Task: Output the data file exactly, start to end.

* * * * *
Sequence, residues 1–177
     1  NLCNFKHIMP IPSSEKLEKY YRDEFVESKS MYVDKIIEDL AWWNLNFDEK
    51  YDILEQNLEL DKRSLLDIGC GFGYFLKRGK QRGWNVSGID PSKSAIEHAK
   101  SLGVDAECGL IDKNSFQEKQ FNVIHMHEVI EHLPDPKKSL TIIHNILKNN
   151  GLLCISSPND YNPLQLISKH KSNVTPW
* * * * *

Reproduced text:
Sequence, residues 1–177
     1  NLCNFKHIMP IPSSEKLEKY YRDEFVESKS MYVDKIIEDL AWWNLNFDEK
    51  YDILEQNLEL DKRSLLDIGC GFGYFLKRGK QRGWNVSGID PSKSAIEHAK
   101  SLGVDAECGL IDKNSFQEKQ FNVIHMHEVI EHLPDPKKSL TIIHNILKNN
   151  GLLCISSPND YNPLQLISKH KSNVTPW